It was now about 7.30 am. I lobbed a cast up close to the edge of the bommy and let it sink. I paused and gave it a couple of slow lifts and then paused again. Next time, I felt a very light tap as I lifted the rod tip and then a solid whack! The fish took the lure and turned for open water. It stripped perhaps 25 metres of line in two long, straight runs and I began to think it might be some kind of pelagic. I held on, tightened the drag as much as I dared and held the spool to slow it ever so slightly, each time it to tried run again. I gradually tired it out and fortunately it had stayed clear of the worst structure. After a few minutes it was close to the sloping rock where I had pulled the other fish ashore. Bit this would be tricky. Its tail flapped over and I could see it was a big Fingermark. I waited for a surge in the light swell and heaved the fish up. Crack! My beloved G.Loomis GL2 light spin rod made the ultimate sacrifice in the line of duty. It snapped just above the join but the leader was intact and still attached to the fish. I grabbed the line and pulled the fish up the rocks and it just reached safety before the leader also snapped.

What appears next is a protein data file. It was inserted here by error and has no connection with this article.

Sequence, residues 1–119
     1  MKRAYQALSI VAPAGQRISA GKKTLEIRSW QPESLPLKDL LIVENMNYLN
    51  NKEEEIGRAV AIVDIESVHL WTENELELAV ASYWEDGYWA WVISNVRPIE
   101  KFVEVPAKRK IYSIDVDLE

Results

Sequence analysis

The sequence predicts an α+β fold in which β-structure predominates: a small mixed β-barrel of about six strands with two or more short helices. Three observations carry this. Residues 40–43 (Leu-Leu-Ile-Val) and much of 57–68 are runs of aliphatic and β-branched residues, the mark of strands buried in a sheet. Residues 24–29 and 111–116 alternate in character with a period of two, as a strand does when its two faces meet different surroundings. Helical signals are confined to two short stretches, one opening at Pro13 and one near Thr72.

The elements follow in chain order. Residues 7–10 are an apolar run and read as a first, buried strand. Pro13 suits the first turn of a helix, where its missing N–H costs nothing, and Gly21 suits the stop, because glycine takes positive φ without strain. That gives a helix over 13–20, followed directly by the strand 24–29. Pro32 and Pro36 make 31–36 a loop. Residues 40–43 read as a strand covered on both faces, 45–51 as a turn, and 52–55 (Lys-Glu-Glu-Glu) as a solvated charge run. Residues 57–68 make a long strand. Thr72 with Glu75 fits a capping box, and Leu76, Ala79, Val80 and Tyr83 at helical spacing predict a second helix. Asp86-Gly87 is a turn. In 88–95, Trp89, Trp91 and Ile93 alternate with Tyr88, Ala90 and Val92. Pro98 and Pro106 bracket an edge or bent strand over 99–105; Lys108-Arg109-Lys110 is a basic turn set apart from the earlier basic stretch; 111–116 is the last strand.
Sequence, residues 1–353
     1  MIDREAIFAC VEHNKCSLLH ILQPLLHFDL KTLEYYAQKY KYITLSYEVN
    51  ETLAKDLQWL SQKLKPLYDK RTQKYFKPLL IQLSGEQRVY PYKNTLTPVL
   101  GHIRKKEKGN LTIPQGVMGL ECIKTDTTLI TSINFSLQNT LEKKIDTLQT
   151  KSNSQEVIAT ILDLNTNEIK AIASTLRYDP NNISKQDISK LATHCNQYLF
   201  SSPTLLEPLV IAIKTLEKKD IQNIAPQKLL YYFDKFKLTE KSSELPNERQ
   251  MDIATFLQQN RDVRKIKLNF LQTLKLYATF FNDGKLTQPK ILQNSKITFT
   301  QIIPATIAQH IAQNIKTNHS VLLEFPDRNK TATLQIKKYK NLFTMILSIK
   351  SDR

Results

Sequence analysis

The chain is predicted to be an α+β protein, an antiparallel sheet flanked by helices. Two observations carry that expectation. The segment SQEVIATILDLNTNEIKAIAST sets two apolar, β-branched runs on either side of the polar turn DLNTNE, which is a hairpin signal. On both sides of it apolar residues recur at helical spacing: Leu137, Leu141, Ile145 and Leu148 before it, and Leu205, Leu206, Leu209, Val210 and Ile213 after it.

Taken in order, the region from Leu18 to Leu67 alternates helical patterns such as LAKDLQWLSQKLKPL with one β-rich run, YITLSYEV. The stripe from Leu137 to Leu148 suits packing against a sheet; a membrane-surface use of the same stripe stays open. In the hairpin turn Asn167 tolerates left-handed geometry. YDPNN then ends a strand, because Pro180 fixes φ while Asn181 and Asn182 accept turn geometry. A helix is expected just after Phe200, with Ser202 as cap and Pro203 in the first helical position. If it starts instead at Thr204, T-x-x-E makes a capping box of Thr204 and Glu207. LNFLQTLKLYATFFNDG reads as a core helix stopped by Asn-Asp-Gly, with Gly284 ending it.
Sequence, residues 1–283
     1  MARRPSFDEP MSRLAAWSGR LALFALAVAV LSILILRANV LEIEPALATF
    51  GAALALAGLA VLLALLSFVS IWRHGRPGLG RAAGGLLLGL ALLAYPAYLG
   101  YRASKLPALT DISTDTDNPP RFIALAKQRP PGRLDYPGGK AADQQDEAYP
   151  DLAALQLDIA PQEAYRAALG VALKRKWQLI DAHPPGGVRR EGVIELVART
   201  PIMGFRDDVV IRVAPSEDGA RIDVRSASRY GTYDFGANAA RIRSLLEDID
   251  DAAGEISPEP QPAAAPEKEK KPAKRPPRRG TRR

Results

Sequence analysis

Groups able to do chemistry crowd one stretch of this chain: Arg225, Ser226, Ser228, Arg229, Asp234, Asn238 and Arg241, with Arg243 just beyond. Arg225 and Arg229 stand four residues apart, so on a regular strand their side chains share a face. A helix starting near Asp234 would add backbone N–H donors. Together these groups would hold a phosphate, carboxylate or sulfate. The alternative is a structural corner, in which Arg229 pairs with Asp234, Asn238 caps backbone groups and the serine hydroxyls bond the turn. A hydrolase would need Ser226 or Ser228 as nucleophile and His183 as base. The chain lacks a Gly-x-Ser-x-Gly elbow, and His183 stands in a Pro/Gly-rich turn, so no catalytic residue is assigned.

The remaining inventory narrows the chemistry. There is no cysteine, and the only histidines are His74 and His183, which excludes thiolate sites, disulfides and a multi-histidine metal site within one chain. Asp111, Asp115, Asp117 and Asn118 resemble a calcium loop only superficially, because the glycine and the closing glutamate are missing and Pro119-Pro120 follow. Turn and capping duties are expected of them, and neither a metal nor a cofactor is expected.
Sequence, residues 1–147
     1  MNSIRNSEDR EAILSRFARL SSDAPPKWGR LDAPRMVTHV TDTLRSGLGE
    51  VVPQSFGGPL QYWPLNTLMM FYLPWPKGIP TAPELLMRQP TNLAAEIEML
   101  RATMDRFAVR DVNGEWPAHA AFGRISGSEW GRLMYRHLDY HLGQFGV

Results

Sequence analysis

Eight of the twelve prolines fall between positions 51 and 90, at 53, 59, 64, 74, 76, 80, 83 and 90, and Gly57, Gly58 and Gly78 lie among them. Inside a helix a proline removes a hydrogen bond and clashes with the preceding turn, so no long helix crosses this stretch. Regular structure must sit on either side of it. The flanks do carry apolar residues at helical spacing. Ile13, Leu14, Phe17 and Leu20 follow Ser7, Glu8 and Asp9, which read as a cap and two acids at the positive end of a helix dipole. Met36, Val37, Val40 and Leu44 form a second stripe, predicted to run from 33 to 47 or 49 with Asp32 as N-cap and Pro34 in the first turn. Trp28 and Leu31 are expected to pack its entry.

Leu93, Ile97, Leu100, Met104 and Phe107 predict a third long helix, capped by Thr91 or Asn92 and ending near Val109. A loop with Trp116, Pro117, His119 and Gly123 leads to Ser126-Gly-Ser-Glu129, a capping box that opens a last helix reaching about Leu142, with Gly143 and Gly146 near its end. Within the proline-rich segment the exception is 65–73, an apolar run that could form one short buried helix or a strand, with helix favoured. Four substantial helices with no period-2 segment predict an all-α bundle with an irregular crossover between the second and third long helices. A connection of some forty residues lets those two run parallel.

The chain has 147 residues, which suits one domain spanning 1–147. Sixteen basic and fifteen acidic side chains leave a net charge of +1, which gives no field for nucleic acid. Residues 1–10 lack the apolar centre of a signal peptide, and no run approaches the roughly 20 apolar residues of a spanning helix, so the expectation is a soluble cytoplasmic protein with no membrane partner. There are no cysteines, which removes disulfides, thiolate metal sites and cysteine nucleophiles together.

I sat clutching the fish with one hand and broken rod in the other, with my heart still pounding from the fight. It had been a fantastic capture and it was a marvellous fish. We do not get to sample much reef fish in my house, so I decided to keep the three in the live well. The big one measured in at 63cm and it probably weighed in somewhere between 3 and 4 kg – maybe more.
Needless to say that was the end of the session – but what a session it had been!